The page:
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    IMHO the problem with conversion workflow is that entities data is a mirror of authoring game objects, but that is a one-way mirror, you can't convert back from entity to a game object. For example, if I created an entity with code, or want to use the current runtime entity state later, there is no way to save it as a prefab file.

    What I imagine is a way to serialize selected in the inspector entity to the file and later on to be able to load it to the world. Together with non-read-only entity inspector, this will create pure entities authoring with the following workflow:
    - you define your data components with code
    - you construct and configure an entity with entity inspector
    - save configured entity to file (or a subset of entities)
    - load entity from file
    - ...
    - profit
     
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  23. Joachim_Ante

    Joachim_Ante

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    i don't understand why that is useful?
     
  24. SubPixelPerfect

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    1. transparency: to configure an entity you edit entity data directly - no hidden logic with proxy objects involved
    2. live modification: you change something - you see the result instantly, without the need to go through conversion after each change
    3. consistency: the same approach for both runtime and authoring time manipulations - you can tweak not only the initial state but the current state as well, and you can write current state to file (for example if you have an in-game level editor you can save levels the right same way you do during authoring time)
     
  25. SubPixelPerfect

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    conceptually this is very similar to presets, you can write state data to file and load that state whenever you need
     
  26. Jes28

    Jes28

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    can be done now

    just add authoring attribute so Unity create monobeh for it and you can configure with inspector

    save sub scene (use like netity prefab of just scene)

    load subscene and may be instantiate entity prefab from it.

    I think I'm one step closer to understand entities authoring in future Unity :)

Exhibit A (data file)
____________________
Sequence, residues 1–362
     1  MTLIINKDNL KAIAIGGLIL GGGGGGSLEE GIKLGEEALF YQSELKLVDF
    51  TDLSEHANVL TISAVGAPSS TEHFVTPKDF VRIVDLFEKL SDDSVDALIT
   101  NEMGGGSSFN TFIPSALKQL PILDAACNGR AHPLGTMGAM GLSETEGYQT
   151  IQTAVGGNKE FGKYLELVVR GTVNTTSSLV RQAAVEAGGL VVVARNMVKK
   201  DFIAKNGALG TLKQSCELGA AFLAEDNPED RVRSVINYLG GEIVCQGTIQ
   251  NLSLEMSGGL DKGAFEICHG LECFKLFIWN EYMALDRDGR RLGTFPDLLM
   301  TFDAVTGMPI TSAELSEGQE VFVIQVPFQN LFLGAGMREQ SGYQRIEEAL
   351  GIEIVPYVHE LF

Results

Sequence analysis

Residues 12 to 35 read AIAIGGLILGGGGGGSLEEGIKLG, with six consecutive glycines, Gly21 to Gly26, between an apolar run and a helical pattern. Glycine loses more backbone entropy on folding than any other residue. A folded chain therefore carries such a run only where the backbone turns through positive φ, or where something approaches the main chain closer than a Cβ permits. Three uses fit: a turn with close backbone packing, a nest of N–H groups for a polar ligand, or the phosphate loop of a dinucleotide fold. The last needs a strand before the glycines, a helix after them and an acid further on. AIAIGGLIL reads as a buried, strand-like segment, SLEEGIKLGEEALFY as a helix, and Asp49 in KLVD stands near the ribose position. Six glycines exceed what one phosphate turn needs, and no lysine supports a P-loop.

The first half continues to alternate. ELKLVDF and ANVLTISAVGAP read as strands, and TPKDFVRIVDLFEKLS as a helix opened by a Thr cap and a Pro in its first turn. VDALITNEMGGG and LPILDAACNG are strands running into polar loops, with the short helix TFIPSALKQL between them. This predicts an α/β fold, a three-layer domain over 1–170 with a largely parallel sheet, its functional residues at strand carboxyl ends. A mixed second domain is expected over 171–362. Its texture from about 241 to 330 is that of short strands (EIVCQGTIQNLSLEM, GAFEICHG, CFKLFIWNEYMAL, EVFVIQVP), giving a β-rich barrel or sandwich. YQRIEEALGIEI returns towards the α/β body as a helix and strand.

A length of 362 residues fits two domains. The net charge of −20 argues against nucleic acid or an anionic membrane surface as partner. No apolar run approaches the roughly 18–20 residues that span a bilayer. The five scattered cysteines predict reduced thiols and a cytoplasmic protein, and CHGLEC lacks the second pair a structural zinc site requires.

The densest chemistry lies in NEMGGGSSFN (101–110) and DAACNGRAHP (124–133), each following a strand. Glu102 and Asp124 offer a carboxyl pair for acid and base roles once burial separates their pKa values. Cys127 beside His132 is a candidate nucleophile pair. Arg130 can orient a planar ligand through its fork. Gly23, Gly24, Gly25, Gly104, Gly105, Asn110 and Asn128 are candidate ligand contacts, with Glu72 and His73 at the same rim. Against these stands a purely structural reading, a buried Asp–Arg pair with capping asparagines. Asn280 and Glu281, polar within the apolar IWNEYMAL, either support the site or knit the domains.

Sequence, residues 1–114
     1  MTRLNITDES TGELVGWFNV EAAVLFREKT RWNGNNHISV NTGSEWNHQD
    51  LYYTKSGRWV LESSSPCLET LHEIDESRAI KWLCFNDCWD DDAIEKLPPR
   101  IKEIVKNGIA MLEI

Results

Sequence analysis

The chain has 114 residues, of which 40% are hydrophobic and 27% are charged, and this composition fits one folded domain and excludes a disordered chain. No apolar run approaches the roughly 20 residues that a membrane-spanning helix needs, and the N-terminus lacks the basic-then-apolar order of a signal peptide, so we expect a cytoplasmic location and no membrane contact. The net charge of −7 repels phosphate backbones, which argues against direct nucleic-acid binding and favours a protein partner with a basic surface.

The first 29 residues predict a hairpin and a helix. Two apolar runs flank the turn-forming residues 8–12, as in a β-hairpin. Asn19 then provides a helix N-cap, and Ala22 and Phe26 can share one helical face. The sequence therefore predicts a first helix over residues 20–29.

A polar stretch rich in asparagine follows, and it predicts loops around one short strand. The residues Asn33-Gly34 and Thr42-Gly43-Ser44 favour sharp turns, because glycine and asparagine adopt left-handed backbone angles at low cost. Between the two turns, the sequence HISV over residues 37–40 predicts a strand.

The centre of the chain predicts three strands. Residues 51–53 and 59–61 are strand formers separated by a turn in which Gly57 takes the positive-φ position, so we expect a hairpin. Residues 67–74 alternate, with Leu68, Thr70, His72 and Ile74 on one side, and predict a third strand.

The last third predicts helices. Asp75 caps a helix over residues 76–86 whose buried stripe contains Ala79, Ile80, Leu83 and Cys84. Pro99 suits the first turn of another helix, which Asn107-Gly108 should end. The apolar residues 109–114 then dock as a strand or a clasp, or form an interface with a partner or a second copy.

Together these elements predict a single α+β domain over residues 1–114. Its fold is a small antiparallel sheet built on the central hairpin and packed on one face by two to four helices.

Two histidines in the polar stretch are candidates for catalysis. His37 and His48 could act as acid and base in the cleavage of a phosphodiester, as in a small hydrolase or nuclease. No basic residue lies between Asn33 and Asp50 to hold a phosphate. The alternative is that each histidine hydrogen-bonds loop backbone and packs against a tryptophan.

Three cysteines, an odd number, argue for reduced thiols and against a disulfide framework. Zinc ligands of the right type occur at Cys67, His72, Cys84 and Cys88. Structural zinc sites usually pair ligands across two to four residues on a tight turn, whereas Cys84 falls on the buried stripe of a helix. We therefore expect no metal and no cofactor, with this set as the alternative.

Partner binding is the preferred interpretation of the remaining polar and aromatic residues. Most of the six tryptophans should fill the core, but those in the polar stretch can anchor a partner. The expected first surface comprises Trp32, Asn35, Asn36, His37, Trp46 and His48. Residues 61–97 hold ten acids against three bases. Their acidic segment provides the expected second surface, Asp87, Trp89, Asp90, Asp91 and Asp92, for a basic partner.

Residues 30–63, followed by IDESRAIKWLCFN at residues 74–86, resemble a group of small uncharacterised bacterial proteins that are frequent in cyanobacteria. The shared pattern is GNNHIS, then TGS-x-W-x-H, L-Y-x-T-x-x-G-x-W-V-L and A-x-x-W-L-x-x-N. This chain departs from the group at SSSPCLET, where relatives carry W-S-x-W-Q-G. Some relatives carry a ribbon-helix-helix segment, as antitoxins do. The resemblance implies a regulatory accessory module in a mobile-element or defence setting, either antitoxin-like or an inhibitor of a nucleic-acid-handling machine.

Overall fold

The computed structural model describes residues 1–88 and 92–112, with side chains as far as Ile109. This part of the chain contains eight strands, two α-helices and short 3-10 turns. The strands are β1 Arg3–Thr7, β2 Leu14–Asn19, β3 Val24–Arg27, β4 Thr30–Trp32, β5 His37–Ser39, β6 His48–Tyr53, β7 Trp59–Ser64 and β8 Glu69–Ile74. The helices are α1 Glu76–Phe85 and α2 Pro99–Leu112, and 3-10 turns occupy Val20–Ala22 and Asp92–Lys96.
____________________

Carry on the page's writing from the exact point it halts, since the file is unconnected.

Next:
One thing from everyday work is modify entity state in runtime for debugging purposes (including add/delete components because tags make a magic) and copy found runtime state back to authoring.
     
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  27. SubPixelPerfect

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    @Jes28 I know how to use subscenes and conversion workflow, it is a great approach to migrate existing scenes to ECS...

    but I'm talking about a workflow that does not use MonoBehaviours at all
     
  28. Joachim_Ante

    Joachim_Ante

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    What we are doing is building a live conversion workflow.

    The concept of directly editing the runtime data itself, independent of what tech is used for it, is in fact exactly the problem we are trying to solve. The concept of runtime data and editing data being the same is simply a bad idea. It took me 14 years to figure that out (Sorry it took so long...)

    But tying the data so closely together prevents us from making independent choices based on whats good for performance and whats good for authoring data. These are totally different optimisation axes. Eg. At edit time you always want a hierarchy. At runtime for example if objects are marked static, you definately dont, you just want everything baked out...

    There is not going to be a world anymore where unity will have the same data at runtime as it has at edit time. Better get used to it. We will do everything to make this transformation live, visible and with zero boiler plate entry points graduating to advanced data transformations when you need to optimise your data at conversion time.
     
  29. optimise

    optimise

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    I think currently authoring a super big subscene like megacity it's still super lag. I guess the super big subscene also needs dots performance authoring. Long time ago you mention about dedicated entity authoring. Any plan to continue the development of the dedicated entity authoring after Game Object with Monobehavior authoring near to solid state?

     
    Last edited: Oct 12, 2019
  30. SubPixelPerfect

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    Possibility to transform and optimize data from human-friendly to computer-friendly is a very good reason to go conversion way, and i'm 100% agree that this is necessary for great performance in some cases, as well as it is necessary to migrate existing projects.